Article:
Such displays are created by synchronous fireflies, members of two or three of the 2,000 species of fireflies known to exist in North America. Until recently, synchronous fireflies could be found on public lands in the U.S. only in portions of Great Smoky Mountains National Park in Tennessee, Pennsylvania’s Allegheny National Forest, the Oak Ridge Wildlife Management Area in east Tennessee, and South Carolina’s Congaree National Park.

As of this year, Watoga State Park in Pocahontas County has joined that list.

A now-retired Division of Natural Resources biologist happened to be visiting at Watoga during the 2019 firefly mating season and discovered what appeared to be a population of rare synchronous fireflies. She passed along information on the sighting, including the GPS coordinates for where it occurred, to Mack Frantz, State Zoologist for the DNR, who was organizing a study of firefly populations across West Virginia using data from citizen observations.

Not long after learning about the possible West Virginia synchronous firefly population, Frantz said, the Watoga State Park Foundation contacted him about their Dark Sky Initiative, a project aimed at having Watoga designated as the state’s first Dark Sky Park.

To qualify for the designation, a park must meet criteria established by the International Dark Sky Association. They include being able to see the Milky Way with the naked eye, having night sky brightness


Amway College Football Poll 2020: Complete Week 7 Rankings Revealed | Bleacher Report

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FILE - In this Jan. 13, 2020, file photo, Clemson quarterback Trevor Lawrence passes against LSU during the second half of a NCAA College Football Playoff national championship game, in New Orleans. Lawrence is on a streak of 314 pass attempts without an interception, a run dating back to last Oct. 19 when he was picked off twice at Louisville in Clemson's 45-10 victory. (AP Photo/Gerald Herbert, File)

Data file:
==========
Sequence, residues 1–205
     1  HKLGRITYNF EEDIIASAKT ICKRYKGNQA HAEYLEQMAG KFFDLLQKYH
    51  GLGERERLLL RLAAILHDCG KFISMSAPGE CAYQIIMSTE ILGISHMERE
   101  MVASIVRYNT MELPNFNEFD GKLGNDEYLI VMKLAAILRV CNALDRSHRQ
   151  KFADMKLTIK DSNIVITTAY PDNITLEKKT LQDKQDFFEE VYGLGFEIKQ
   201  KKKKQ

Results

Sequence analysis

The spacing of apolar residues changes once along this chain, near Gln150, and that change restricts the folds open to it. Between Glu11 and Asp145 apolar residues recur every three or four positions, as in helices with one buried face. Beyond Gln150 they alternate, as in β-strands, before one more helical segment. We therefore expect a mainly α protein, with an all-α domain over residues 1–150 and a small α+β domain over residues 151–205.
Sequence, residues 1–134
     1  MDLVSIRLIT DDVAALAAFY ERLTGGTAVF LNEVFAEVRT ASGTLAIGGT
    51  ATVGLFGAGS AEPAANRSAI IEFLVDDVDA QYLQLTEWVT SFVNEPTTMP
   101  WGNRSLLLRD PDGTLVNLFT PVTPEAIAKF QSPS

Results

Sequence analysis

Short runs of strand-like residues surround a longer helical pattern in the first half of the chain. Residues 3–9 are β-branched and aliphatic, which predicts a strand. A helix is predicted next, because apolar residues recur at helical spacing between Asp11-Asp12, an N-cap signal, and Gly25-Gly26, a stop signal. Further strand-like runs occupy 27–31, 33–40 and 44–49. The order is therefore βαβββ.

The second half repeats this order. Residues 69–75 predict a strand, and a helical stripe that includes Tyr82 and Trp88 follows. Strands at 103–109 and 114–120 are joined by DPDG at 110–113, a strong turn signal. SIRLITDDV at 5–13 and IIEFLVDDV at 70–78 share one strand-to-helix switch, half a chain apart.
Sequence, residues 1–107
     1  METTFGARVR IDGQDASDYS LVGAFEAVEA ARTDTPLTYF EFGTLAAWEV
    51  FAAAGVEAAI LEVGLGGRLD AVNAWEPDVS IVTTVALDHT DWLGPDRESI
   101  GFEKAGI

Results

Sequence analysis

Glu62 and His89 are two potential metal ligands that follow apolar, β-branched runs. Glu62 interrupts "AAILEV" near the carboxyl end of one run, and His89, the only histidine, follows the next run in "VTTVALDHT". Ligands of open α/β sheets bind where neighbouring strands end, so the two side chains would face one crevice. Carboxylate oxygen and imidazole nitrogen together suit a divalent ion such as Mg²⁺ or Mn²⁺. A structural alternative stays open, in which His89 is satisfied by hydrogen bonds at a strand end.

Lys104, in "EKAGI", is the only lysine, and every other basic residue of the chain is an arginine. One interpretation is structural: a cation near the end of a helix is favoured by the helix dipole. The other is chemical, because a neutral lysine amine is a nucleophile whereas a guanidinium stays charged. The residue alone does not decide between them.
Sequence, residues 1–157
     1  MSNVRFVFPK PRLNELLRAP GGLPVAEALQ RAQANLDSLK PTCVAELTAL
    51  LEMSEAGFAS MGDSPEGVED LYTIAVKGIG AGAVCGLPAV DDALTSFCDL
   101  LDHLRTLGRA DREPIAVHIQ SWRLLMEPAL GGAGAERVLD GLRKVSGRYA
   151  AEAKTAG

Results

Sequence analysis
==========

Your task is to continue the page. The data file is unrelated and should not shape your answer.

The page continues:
Gerald Herbert/Associated Press

If you thought a state of normalcy would finally wash over college football in Week 7, you were mostly right.

Just not about Florida. 

Clemson, Alabama and Georgia lead an unchanged top three in the latest Amway Coaches Poll, but Notre Dame and Ohio State now round out a new-look top five after Florida’s loss to Texas A&M.

Here is a look at how the full poll played out:

1. Clemson

2. Alabama

3. Georgia

4. Notre Dame

5. Ohio State

6. North Carolina

7. Oklahoma State

8. Penn State

9. Florida

10. Cincinnati

11. Texas A&M

12. Miami

13. BYU

14. Auburn

15. Wisconsin

16. Oregon

17. Tennessee

18. SMU

19. Michigan

20. Iowa State

21. UL Lafayette

22. Kansas State

23. Virginia Tech

24. USC

25. Minnesota

Seth Small knocked through a 26-yard field goal as time expired to give Texas A&M a 41-38 upset over Florida. Kellen Mond threw for 338 yards and three touchdowns while Isaiah Spiller added 174 yards and two scores to gash the Florida defense.

Malik Davis fumbled on what could have been a go-ahead drive for Florida to set up Small’s game winner for the Aggies. Kyle Trask threw for 312 yards and four touchdowns in the losing effort. 

Florida dropped to No. 9 in the rankings, while Texas A&M moved up to No.


Alex Smith returned to action nearly 2 years after a gruesome injury

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LANDOVER, Md. (AP) — The ball slipped out of Jared Goff’s right hand trying to spike it after a touchdown. That was about the only time he wasn’t in control.

“It wasn’t great,” he said. “I have the excuse that it was wet.”

Goff threw for 309 yards and two touchdowns and ran for another, and the Los Angeles Rams improved to 4-1 by beating Washington 30-10 on Sunday in Alex Smith’s return almost two years since a gruesome injury put his career in jeopardy.

“It’s incredible what he has overcome,” Rams coach Sean McVay said. “You almost wish it were in better conditions. Weird to say when it’s also our defense making things difficult for him. I’m just so impressed with him.”

Smith played his first NFL game 693 days since breaking his right tibia and fibula, entering when new Washington starting quarterback Kyle Allen injured his left arm. Smith was 9 of 17 for 37 yards on the same field he was carted away from on Nov. 18, 2018 before undergoing 17 surgeries to repair the injury.

“Very surreal at first,” Smith said of completing his comeback. “To have it happen as fast as it did was probably almost a blessing. … It was kind of nice in that situation not having to think about it. You just go out and do it.”

Former Washington QB Joe Theismann, who broke his right leg in similar fashion 33 years to the day before Smith was injured, said it was spectacular to see his return, adding, “I’m so thrilled and excited for him.”

The Rams are thrilled with such a strong